Including my limb cleaning duty
Charlton Park is perhaps my favorite event in reenacting, with Port Sanilac at a close second. Last year I visited the house during the day, and this year Mr. Giorlando planned a scenario. Let me add that this house includes "magical" cool air that rises from an ice house below. With temperatures in the mid-80s, it was greatly appreciated (I had heat exhaustion a few years back, and have never completely recovered).
I was in a mourning impression, a daughter whose beloved George died for the Confederacy in the Battle at Fredericksberg. I wore my black sheer, and even brought my veil and black gloves. As was custom, I could not leave the house or accept visitors. There I sat alone in my little room upstairs, hemming my mourning veil.
As a social person, it was at first difficult to be secluded from the family. Yet the more I sat in silence, the more I could take on the persona of the sad widow. I thought about how I would feel, alone in my room, away from the merriment of my family. These were very somber thoughts.
Suddenly I heard a pounding at the door. The quiet was broken, and as our domestic Agnes (played by the talented Carrie) tried to answer, a flood of soldiers entered! They had heard we were southern sympathizers, and turned the house upside down looking for food and weapons. I tried to take a peek, but my Father (Mr. Giorlando) ordered me back to my room for my own safety.
Eventually they clomped up the stairs and tried to badger me for hidden weapons. I gave them my coldest glare and spat "How dare you disturb my mourning!" I was very caught up in the moment. After all, how would I feel if the very army that killed my husband had barged into my home? It was with great care that I did not yell and scream at them to get out!
Apparently my Father had worried that I might say something untoward, and even mentioned that his daughter had a sharp tongue. In reality, he wasn't sure how I'd react to the intrusion. Honestly, it was most odd to experience the "raid" without actually seeing much. I could hear outrage in voices, soldiers plodding about, and furniture moving.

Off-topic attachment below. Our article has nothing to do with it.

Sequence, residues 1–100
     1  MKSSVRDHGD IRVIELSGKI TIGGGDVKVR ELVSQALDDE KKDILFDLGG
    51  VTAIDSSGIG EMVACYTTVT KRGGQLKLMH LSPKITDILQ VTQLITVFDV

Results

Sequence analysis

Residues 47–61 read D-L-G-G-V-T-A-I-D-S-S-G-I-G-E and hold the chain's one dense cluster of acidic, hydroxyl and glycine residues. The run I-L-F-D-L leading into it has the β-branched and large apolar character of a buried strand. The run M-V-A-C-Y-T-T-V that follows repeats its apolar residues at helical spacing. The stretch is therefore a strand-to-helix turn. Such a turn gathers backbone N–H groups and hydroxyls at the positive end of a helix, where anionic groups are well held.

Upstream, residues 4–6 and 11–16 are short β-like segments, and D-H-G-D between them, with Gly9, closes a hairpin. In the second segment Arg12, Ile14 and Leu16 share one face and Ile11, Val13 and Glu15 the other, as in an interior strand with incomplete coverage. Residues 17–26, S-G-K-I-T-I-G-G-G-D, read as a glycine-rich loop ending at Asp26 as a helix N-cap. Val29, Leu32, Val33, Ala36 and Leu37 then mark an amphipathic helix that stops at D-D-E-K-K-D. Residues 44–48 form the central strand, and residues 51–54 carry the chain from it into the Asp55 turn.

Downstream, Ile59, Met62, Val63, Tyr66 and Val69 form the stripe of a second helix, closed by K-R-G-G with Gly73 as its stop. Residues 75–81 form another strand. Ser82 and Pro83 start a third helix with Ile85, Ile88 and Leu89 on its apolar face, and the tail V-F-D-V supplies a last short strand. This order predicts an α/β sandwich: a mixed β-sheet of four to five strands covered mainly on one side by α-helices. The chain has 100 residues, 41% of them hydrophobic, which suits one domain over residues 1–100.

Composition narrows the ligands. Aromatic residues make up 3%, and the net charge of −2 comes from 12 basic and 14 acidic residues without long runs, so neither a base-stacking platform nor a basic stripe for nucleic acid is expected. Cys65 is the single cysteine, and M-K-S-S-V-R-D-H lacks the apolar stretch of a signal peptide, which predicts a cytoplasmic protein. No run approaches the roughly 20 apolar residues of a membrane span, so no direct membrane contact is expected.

Eventually I joined everyone downstairs and we continued our 1st person impressions. Mrs. Schubert, our laundress, paid a visit after "dropping" the starch near a pile of dead bodes. My dear Aunt Caroline (Mrs. Paladino) reminded us of our manners, and other neighbors stopped by!
We all sat in the parlor sewing/knitting/crocheting when I had a startling thought. I was staying in my 1st person impression without thinking about it! Our conversations were about our projects and upcoming gatherings. I gushed about my engagement just as I'm sure a girl would have done. Also, I found a beautiful framed wreath that I thought was hair, that turned out to be yarn. How pretty!
I was exhausted by the end of the day, and even took a bath in my new tub! Later at the event I received a phone call from my dear fiancee, and I decided to return home a bit early to spend time with him and his family. I enjoyed another night with my fellow reenactors, including a trip to the saloon to hear singing and watch cards! I left early in the morning, before the heat of summer.
Thanks Ken for the photo
Now I am still exhausted, trying to unpack everything while staying awake. I have so many things to finish for the Port Sanilac reenactment in 2 weeks. Dear reader, if you have an opportunity to attend, please do. We have excellent plans, and I will be there looking pretty (and modest).